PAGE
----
City of York Council works on ‘future-proofed’ EV charging network
City of York Council is exploring a new electric vehicle (EV) charging strategy that, if approved, could see fast charge points introduced at a minimum of 5% of all long-stay parking bays in council-owned car parks by 2023.
Intended to ‘future-proof’ the city for accelerated EV take up, the plans will cost around £800,000 and follow the authority declaring a climate change emergency in 2019 and approving plans to work towards becoming carbon neutral by 2030.
To complement the enhanced fast charger network, the council is also developing two Hyper Hub sites which will provide advanced rapid and ultra-rapid facilities. Subject to securing further external funding, a third site is also being developed.
These would add to the existing public charging network, which consists of 20 fast double headed charge points (40 sockets) and five rapid chargers across the city. Deployed in 2013, these have seen growing use over the years; in 2014 there were 1,510 charging sessions, rising to 13,695 by 2018.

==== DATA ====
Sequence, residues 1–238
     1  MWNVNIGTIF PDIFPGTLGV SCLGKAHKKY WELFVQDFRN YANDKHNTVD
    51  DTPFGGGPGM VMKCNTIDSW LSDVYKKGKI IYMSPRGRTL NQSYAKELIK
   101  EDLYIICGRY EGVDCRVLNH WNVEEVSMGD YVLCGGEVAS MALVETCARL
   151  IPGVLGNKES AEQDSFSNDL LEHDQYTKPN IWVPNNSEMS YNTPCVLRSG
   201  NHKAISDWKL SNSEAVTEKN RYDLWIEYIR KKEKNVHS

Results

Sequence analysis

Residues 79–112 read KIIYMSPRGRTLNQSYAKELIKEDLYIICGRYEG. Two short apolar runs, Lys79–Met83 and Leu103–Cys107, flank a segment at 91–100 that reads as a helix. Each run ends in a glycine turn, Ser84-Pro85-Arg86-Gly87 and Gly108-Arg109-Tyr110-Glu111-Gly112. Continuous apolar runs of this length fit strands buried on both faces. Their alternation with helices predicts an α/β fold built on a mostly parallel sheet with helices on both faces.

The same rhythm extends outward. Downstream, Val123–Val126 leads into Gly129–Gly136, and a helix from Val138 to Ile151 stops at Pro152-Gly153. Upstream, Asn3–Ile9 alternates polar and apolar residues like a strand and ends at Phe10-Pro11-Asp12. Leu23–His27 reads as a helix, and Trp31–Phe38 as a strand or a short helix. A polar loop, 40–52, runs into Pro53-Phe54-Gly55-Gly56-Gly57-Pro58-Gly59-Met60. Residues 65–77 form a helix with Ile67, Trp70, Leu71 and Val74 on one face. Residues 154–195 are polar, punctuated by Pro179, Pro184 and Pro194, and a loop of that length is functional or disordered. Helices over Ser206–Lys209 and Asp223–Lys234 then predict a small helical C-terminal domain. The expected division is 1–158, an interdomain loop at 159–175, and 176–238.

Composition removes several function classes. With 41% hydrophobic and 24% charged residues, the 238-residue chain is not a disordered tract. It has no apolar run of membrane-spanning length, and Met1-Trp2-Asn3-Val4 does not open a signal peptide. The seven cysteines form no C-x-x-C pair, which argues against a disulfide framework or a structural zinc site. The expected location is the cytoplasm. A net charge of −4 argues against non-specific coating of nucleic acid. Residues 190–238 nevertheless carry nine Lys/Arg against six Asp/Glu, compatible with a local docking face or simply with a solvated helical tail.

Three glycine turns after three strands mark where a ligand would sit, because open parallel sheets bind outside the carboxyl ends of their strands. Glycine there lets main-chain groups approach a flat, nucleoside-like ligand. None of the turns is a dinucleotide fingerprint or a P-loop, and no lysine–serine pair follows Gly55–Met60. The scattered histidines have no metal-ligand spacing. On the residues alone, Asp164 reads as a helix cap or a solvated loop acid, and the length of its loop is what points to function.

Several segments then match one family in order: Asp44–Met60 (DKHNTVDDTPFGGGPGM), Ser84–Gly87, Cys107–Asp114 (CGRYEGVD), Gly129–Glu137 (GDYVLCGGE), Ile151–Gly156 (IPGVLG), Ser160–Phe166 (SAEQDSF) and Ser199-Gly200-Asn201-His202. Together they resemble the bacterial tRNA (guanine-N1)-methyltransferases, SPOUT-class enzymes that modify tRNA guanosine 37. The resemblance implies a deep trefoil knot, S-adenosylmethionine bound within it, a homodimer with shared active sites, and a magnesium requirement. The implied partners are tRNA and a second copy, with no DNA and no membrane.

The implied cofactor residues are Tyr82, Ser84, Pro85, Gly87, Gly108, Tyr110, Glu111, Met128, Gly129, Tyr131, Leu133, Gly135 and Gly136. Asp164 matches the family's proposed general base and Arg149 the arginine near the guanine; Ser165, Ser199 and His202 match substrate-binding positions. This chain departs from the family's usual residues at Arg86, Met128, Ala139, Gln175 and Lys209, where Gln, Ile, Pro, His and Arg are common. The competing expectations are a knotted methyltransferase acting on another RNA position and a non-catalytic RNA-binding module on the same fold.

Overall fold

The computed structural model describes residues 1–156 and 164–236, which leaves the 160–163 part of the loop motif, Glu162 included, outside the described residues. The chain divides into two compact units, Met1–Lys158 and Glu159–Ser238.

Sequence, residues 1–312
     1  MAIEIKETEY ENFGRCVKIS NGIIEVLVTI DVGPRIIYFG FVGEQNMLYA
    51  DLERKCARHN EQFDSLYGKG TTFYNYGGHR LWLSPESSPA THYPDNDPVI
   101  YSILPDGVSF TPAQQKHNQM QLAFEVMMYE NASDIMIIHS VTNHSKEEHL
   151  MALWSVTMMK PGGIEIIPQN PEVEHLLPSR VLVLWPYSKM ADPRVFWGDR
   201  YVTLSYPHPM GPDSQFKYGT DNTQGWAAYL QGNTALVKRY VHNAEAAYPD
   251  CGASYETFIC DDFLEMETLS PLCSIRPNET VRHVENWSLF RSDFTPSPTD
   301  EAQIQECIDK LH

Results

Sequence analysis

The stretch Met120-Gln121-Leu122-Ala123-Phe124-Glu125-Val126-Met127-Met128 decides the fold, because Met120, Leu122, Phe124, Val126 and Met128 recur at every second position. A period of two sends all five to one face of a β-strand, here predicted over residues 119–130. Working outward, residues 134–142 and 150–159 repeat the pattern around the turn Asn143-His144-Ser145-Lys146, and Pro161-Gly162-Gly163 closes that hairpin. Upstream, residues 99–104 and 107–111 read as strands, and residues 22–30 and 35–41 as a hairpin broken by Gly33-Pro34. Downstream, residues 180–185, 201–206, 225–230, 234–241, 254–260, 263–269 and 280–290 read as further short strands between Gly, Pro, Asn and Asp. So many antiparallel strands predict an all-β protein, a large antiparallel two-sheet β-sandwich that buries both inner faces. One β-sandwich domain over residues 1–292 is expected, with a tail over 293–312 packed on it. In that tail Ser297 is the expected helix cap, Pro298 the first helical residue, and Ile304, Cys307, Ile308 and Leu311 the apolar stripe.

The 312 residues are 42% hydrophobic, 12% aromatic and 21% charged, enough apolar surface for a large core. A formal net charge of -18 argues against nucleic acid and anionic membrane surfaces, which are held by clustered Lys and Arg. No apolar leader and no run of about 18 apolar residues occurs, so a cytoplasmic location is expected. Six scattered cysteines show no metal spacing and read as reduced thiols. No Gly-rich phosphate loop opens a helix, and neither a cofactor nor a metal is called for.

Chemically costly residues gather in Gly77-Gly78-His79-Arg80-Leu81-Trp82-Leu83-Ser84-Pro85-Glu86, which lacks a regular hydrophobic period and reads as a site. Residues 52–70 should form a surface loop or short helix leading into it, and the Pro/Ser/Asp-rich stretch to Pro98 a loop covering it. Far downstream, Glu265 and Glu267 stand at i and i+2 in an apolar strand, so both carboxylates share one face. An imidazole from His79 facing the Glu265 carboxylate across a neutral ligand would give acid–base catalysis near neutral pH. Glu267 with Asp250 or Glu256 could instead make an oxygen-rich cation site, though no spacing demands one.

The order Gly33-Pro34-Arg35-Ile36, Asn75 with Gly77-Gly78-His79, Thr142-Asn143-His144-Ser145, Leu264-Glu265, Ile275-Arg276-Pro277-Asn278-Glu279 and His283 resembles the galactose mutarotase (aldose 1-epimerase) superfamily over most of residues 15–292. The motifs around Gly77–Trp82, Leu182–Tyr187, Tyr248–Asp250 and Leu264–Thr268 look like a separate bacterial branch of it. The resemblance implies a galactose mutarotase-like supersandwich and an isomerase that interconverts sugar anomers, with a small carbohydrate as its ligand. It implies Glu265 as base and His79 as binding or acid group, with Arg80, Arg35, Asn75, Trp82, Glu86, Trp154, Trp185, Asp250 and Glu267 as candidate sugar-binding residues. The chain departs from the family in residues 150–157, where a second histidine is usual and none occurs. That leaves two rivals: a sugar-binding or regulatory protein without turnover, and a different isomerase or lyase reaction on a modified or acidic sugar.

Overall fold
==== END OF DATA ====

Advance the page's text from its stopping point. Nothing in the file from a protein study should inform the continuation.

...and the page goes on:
A part of the proposals will be to ensure it offers an equal opportunity for all users (with on- street and off-street parking) and to ensure that tariffs are set at a fair rate.
The current tariff of 15 p/kWh, hasn’t been revised since it was set in 2013, so a key element of the strategy is to review the tariff price point.
During 2020/2021 it is proposed to increase the tariff to 20 p/kWh for fast chargers and 25 p/kWh for rapid and ultra-rapid chargers. All new rapid and ultra-rapid units will allow bank card payments for the same 25 p/kWh fee.
Regular users will have the option of signing up to a subscription network where they will pay a monthly fee in return for lower usage tariffs.
Tariffs will be reviewed every year and electricity supplying the charge points will be part of the council’s energy contract which purchases renewable energy.
A report detailing the proposal will be taken to a public Executive meeting on 19 March for approval.